Group leader

Peter Galajda

galajda.peter[at]brc.hu

Group website: group.szbk.u-szeged.hu/cellbiophys/

 

Group members


Name

Title

Publications

CV

Ágnes ÁBRAHÁM

scientific administrator

publications

CV

András BUZÁS

scientific administrator

publications

CV

László DÉR

scientific administrator

 

CV

Tamás FEKETE

Ph.D. student

publications

CV

Péter GALAJDA

senior research associate

publications

CV

Lóránd KELEMEN

senior research associate

publications

CV

Krisztina NAGY

research associate

publications

CV

Pál ORMOS

scientific adviser

publications

CV

Imre PAP

Ph.D. student

 

CV

Gaszton VIZSNYICZAI

research associate

publications

CV

Miles WETHERINGTON

Ph.D. student

publications

CV

Research


Cells are the building blocks of life. We use an interdisciplinary approach to explore the characteristics and functioning of various cell types, as well as their interactions with their microenvironment, and other cells. Furthermore, based on single cell level studies, we also aim to understand the collective behavior of cell populations and the functioning of complex cell communities.

We use advanced microfabrication, optical micromanipulation and microscopy techniques in order to trap single cells, observe them for extended periods of time and precisely engineer their microenvironment. We apply maskless photolithography based on laser direct writing, soft lithography and two-photon polymerization techniques to fabricate precisely engineered structures to trap cells and create their microenvironments [1] in the size range spanning from subcellular scales (250 nm) to several centimeters.

We make microfluidic chips to trap single bacterial and algal cells, observe their properties and division, and explore the effect of cell microenvironment. With these chips we study the emergence of phenotypic heterogeneity (i.e. the variability of observable characteristics) in genetically identical cells. We develop microstructures that enable the trapping of cell progeny therefore we can analyze the correlation between relatedness and phenotype, as well as the effect of cellular aging.

Our group actively explore the possible applications of holographic optical trapping. We use dynamic holograms to create a trap system from an infrared laser beam to trap and precisely move microscopic particles [2] or even cells. With the combination of microfabricated devices bearing the size of a cell and the actuation with holographic optical tweezers, we are expanding the horizon of single cell manipulation and analysis. These microtools consist of two parts: a “handle” that interact with the trapping laser, and a “probe” interacting with the object of study.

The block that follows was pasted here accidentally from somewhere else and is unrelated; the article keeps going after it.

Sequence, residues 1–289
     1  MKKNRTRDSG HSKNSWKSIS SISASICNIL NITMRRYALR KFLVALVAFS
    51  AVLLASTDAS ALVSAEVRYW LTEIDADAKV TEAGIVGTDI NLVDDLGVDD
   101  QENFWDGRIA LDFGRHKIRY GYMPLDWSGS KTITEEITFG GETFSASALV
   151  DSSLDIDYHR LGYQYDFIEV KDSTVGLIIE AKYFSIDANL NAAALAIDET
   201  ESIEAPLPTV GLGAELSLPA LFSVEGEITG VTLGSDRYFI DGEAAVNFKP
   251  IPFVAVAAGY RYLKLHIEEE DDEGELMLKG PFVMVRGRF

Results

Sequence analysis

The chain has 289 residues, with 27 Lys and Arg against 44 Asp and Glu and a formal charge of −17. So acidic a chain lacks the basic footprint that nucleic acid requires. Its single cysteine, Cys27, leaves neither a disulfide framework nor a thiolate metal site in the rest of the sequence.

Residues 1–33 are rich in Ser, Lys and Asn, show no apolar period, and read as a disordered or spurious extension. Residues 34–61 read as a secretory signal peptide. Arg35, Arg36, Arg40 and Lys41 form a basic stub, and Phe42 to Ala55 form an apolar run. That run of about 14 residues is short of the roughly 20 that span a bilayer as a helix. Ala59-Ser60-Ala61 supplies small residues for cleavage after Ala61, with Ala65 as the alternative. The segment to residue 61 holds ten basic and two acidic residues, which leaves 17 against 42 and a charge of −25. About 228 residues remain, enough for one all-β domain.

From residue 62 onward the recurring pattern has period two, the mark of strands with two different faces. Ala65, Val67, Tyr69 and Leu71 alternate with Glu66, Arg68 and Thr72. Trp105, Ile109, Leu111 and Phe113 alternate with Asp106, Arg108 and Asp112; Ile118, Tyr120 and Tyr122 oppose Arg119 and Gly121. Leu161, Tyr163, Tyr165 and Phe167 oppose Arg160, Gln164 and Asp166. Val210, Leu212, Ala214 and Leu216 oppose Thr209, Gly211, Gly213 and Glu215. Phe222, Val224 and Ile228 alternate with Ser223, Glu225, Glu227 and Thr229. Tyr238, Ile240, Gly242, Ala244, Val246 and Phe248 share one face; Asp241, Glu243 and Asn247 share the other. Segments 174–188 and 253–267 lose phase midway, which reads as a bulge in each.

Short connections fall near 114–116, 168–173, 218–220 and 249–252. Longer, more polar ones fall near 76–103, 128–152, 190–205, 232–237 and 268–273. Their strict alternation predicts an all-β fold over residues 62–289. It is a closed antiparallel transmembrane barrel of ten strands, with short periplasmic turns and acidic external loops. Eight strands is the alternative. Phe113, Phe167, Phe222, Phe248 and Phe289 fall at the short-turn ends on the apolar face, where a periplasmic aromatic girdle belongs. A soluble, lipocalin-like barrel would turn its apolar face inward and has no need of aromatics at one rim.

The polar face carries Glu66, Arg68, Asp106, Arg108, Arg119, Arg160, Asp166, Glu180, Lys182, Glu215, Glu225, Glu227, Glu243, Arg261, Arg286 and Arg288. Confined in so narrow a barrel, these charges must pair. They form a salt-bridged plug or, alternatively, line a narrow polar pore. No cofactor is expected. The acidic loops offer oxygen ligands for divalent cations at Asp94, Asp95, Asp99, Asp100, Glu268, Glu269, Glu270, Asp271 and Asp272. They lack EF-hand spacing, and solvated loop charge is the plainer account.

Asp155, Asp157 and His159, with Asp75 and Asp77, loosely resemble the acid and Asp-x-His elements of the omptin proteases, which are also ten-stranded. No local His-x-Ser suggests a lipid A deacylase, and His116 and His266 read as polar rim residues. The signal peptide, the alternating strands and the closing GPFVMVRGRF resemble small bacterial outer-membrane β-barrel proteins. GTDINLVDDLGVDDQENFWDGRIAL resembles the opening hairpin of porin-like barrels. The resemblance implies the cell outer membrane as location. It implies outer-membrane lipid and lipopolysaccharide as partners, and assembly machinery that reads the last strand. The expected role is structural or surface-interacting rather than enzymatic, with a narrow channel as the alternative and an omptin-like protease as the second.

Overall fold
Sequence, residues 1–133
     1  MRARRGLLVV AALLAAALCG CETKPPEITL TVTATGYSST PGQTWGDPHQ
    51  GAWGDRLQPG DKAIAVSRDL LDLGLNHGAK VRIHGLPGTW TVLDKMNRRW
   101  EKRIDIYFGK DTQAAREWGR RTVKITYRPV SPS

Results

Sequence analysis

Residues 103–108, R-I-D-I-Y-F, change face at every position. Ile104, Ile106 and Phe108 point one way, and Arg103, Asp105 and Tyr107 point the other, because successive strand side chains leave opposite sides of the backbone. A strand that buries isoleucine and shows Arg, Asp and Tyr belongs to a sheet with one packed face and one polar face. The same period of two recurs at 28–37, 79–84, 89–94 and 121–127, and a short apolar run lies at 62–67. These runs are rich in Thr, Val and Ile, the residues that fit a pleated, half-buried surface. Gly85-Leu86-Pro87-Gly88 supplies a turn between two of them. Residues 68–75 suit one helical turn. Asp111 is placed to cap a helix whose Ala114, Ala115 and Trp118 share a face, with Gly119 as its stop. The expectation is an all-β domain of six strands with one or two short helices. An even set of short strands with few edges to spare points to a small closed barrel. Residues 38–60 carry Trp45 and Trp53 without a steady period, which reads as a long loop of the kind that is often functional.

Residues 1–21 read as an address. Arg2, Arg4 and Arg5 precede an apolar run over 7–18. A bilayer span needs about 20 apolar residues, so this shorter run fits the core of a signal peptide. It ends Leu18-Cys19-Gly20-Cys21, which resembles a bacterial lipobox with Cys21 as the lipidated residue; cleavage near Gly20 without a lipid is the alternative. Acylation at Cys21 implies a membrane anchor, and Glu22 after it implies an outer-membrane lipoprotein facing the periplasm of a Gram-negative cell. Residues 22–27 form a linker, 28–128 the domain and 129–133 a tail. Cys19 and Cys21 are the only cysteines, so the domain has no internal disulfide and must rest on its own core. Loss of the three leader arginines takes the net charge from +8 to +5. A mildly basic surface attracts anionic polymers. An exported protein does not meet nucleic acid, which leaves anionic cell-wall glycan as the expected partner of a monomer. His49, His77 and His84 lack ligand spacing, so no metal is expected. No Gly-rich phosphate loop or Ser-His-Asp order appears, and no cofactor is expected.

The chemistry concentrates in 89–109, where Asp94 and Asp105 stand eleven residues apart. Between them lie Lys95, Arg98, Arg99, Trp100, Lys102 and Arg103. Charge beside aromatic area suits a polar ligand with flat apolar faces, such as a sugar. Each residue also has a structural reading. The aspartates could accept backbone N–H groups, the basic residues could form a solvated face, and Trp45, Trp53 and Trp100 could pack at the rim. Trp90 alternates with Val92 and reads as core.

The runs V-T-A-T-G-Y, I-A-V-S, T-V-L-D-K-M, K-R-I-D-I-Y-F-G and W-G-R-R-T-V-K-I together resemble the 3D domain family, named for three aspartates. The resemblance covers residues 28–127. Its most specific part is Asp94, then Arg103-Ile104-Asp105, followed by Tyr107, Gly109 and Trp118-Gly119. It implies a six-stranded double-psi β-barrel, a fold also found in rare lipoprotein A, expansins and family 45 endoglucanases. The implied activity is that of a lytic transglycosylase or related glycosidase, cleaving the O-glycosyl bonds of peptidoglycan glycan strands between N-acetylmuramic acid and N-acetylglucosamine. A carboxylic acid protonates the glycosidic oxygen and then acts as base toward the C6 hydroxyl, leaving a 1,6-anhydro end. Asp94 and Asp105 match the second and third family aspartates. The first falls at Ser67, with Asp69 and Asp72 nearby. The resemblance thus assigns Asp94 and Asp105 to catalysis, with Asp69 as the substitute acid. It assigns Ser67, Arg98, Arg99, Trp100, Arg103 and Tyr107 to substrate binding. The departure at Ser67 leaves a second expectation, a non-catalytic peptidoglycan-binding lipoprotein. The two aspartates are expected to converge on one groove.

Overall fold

In this line of studies, we used a microprobe as a mobile light guide [3] that we can aim to a particular spot on the cell to excite fluorescence locally. By moving a needle-shaped probe with the optical tweezers we can scan the surface of a cell, or we can explore the local mechanical properties. A needle probe covered by metal nanoparticles may be used for performing local tip-enhanced Raman spectroscopy [4] on the cell surface. We have recently developed a method to translate and rotate single cells in a fully controlled manner in order to observe them from different directions. Similarly to tomography, we can make 3D fluorescent images of cells that surpass conventional methods (e.g. confocal microscopy) in terms of axial resolution.

We use microfabricated structures to study the hydrodynamic interactions of swimming cells with solid surfaces or other cells. For example we have demonstrated hydrodynamic trapping of swimming bacterial cells near concave surfaces [5], which promotes cell adhesion and biofilm formation. We used microfabricated propellers in holographic optical tweezers to explore hydrodynamic synchronization [6], which may be important for the correlated motion of bacterial flagellae and ciliae.

We use microfluidics to explore how individual properties and behavior of cells, as well as their interactions with each other and their environment lead to various phenomena on the population level [7]. We have developed a microfluidic platform to create stable spatial chemical gradients without liquid flow [8]. We use it to study bacterial chemotaxis, communication (quorum sensing) and evolution in heterogeneous environments. We apply a similar device to explore the interaction of physically separated but chemically coupled bacterial populations [9]. Our results help to understand the formation and functioning of multispecies microbial communities.

 

Selected publications

[1] Sima, F. et al. ACS Applied Bio Materials 1:1667-1676 (2018), DOI: 10.1021/acsabm.8b00487

[2] Vizsnyiczai, G. et al. SPIE PROC 9922:992216 (2016), DOI: 10.1117/12.2237601

[3] Palima, D. et al. Opt. Expr., 20: 2004-2014 (2012), DOI: 10.1364/OE.20.002004

[4] Vizsnyiczai, G. et al. Langmuir, 31:10087–10093 (2015), DOI: 10.1021/acs.langmuir.5b01210

[5] Sipos, O. et al. Phys. Rev Lett. 114:258104 (2015) http://doi.org/10.1103/PhysRevLett.114.258104

[6] DiLeonardo, R. et al. Phys. Rev. Lett. 109:034104-034108 (2012), DOI: 10.1103/PhysRevLett.109.034104

[7] Sipos, O. et al. Chem. Biochem. Eng. Q. 28:233–240 (2014) http://doi.org/10.15255/CABEQ.2013.1935

[8] Nagy, K., et al. Biomicrofluidics, 9:044105 (2015) http://doi.org/10.1063/1.4926981

[9] Nagy, K. et al. Chem. Biochem. Eng. Q., 28:225–231 (2014) http://doi.org/10.15255/CABEQ.2013.1934